Paul Schmidt (interpreter)
|Born||23 June 1899
Berlin, German Empire
|Died||21 April 1970
Munich, West Germany
|Known for||Interpreting for Hitler|
Paul-Otto Schmidt (23 June 1899 - 21 April 1970) was an interpreter in the German foreign ministry from 1923-1945. During his career he served as the translator for Neville Chamberlain's negotiations with Adolf Hitler over the Munich Agreement, the British Declaration of War and the surrender of France.
In 1917/18 Schmidt was a soldier in the First World War and was wounded on the Western Front. Afterward he studied modern languages in Berlin and worked at the same time for an American newspaper agency. In 1921 he took courses in the Foreign Office for the training of conference interpreters. Schmidt distinguished himself there by virtue of his outstanding memory. In July 1923, Schmidt, still preparing for examinations, accepted his first assignment for the translating and interpreting service of the Foreign Office at the Permanent Court of International Justice in the Hague. He married in 1925 and had a son in 1926.
After more language study in Berlin, Schmidt worked briefly in the Reich Foreign Language Office. Starting in 1924, he worked as an interpreter in the Foreign Office. Schmidt interpreted during the Locarno Treaty meetings (1925) and participated in many other important international conferences. He served as an interpreter at the League of Nations (1926-1933) and at the London Economic Conference. Under Reich Chancellor Gustav Stresemann, Schmidt became chief interpreter, a position which he retained after Hitler came to power in 1933. Schmidt remained chief interpreter until 1945. At the Munich Conference he interpreted between Hitler and Neville Chamberlain and Édouard Daladier. Benito Mussolini was fluent in French, but spoke a somewhat fractured, mangled German. Despite the fact that Mussolini was not as good at German as he pretended to be, he always refused the use of a translator in his meetings with Hitler because of his vainglorious pride.
During the war years he served as Hitler's interpreter during his meetings with Marshal Philippe Pétain and General Francisco Franco. On 12 June 1941, Schmidt served as the translator for the summit between Hitler and General Ion Antonescu of Romania. Antonescu was fluent in French (interwar Romania was such a Francophile nation that fluency in French was de rigueur if one wanted to advance socially) while Hitler spoke no other language other than German. At the summit, Antonescu spoke in French and had his remarks translated into German by Schmidt who also translated Hitler's remarks into French (Schmidt knew no Romanian). During the course of the meeting, Hitler via Schmidt informed Antonescu of the planned "war of extermination" that Operation Barbarossa was intended to be, and asked that Anonescu set up a Romanian equivalent of the Einsatzgruppen, a request that Antonescu agreed to. The Israeli historian Jean Ancel wrote sarcastically about Schmidt's post-1945 claim to be a mere "statistic on the stage of history" that Schmidt was surely being too modest here in downplaying his role at the Hitler-Antonescu summit that led to the murder of hundreds of thousands of Jews. In his memoirs, Schmidt never mentioned the genocidal plans discussed in the Hitler-Antonescu meetings, giving the misleading impression that German-Romanian talks during the war were entirely concerned with military and economic matters. After the 1942 Dieppe Raid resulted in thousands of Canadian soldiers captured, Schmidt was in charge of their interrogations. Schmidt joined the NSDAP in 1943.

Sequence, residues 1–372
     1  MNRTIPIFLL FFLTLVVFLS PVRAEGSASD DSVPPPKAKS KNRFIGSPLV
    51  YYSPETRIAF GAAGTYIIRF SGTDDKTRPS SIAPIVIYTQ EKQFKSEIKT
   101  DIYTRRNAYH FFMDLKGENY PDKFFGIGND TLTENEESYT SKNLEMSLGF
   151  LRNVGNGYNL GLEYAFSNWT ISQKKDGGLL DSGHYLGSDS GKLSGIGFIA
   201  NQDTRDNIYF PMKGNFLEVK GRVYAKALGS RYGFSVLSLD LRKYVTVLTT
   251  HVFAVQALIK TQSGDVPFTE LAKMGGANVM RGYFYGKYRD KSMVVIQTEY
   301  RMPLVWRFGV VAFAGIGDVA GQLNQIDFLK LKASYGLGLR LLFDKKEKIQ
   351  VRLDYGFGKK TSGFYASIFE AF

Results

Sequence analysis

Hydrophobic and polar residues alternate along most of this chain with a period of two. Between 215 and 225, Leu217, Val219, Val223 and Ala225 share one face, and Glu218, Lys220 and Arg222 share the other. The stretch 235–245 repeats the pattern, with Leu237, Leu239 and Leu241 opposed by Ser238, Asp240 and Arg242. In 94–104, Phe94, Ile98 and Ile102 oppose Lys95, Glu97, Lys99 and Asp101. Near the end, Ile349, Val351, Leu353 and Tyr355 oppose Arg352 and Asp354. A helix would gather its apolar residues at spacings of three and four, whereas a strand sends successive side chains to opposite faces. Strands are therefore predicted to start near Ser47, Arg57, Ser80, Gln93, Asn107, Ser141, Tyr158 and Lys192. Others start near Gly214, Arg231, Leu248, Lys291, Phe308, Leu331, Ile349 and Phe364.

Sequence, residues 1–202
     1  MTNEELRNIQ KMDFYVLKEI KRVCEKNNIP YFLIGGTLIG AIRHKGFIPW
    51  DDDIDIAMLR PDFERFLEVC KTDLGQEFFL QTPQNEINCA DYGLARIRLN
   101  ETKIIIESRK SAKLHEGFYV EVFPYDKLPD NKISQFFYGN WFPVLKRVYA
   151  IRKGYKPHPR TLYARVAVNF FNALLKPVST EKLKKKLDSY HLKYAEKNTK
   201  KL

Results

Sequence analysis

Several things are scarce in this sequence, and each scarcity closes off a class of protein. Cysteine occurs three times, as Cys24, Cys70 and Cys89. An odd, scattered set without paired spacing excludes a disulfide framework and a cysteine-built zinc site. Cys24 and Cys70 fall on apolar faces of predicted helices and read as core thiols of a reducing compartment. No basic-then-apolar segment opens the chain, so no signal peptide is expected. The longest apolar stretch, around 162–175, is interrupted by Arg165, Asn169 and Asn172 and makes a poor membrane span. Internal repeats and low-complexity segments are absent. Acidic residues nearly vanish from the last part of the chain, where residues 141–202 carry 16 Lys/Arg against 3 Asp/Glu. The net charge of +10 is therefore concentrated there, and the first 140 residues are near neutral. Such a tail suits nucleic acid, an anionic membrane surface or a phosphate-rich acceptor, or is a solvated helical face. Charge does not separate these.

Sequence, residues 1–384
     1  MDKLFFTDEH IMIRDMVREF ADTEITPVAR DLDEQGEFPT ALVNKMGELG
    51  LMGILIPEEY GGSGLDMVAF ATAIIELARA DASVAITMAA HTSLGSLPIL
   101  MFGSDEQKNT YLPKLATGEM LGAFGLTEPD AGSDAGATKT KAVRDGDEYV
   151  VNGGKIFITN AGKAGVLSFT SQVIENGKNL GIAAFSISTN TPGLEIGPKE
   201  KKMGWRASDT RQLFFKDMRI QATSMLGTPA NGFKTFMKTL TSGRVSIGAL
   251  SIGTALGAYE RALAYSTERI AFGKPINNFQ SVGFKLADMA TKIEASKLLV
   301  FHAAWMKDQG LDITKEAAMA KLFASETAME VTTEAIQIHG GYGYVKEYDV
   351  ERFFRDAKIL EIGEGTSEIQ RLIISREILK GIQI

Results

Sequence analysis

Arrested in May 1945, Schmidt was freed by the Americans in 1948. In 1946 he testified at the Nuremberg Trials, where conversations with him were noted down by psychiatrist Leon Goldensohn and later published. In 1947, he testified for the prosecution against the directors of IG Farben. In 1952 he founded the Sprachen & Dolmetscher Institut in Munich, a college where students could learn languages and become translators and interpreters. He retired in 1967.
Entitled An Extra on the Diplomatic Stage, Schmidt’s memoirs cover his 21 years as an important eye witness to European foreign policy. The book begins with Schmidt’s front line experiences during the First World War at the German spring offensive of 1918, and continues with his work for the German Chancellors before 1933. The English edition of the book, titled Hitler’s Interpreter OCLC 1122735, skips this material and describes only the Hitler years, 1933-1945. Schmidt’s memoirs present an atmospheric, yet detailed, portrait of the highest level of the Third Reich. And he has this advice for interpreters in training:
"Over the years I have arrived at the conviction that a good diplomatic interpreter must possess three characteristics: Most important, he must, paradoxically, be able to be silent; he must be expert in the subject he is translating; and only in third place is his mastery of the language he translates."
- Lehrer, Steven (2006). The Reich Chancellery and Führerbunker Complex: An Illustrated History of the Seat of the Nazi Regime. McFarland. p. 214. ISBN 0-7864-2393-5.
- Lehrer, Steven (2002). Hitler Sites: A City-by-city Guidebook (Austria, Germany, France, United States). McFarland. p. 224. ISBN 0-7864-1045-0.
- Goldensohn, Leon N., and Gellately, Robert (ed.): The Nuremberg Interviews, Alfred A. Knopf, New York, 2004 ISBN 0-375-41469-X
|Wikimedia Commons has media related to Paul Schmidt.|
|Wikiquote has quotations related to: Paul Schmidt|